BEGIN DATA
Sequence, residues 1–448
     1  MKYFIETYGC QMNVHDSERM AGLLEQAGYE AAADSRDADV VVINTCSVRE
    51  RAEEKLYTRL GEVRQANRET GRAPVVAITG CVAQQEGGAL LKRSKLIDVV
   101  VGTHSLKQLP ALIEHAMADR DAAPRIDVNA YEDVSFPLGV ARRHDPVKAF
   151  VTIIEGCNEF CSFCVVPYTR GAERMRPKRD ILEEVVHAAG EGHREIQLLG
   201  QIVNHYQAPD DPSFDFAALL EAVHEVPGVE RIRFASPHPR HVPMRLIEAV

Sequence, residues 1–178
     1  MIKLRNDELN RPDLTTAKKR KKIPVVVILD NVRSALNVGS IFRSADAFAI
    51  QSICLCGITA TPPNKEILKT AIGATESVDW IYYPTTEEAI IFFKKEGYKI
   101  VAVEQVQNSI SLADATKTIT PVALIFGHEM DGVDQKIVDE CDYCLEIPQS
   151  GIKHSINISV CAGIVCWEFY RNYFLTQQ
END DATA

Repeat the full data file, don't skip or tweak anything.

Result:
Sequence, residues 1–448
     1  MKYFIETYGC QMNVHDSERM AGLLEQAGYE AAADSRDADV VVINTCSVRE
    51  RAEEKLYTRL GEVRQANRET GRAPVVAITG CVAQQEGGAL LKRSKLIDVV
   101  VGTHSLKQLP ALIEHAMADR DAAPRIDVNA YEDVSFPLGV ARRHDPVKAF
   151  VTIIEGCNEF CSFCVVPYTR GAERMRPKRD ILEEVVHAAG EGHREIQLLG
   201  QIVNHYQAPD DPSFDFAALL EAVHEVPGVE RIRFASPHPR HVPMRLIEAV

Sequence, residues 1–178
     1  MIKLRNDELN RPDLTTAKKR KKIPVVVILD NVRSALNVGS IFRSADAFAI
    51  QSICLCGITA TPPNKEILKT AIGATESVDW IYYPTTEEAI IFFKKEGYKI
   101  VAVEQVQNSI SLADATKTIT PVALIFGHEM DGVDQKIVDE CDYCLEIPQS
   151  GIKHSINISV CAGIVCWEFY RNYFLTQQ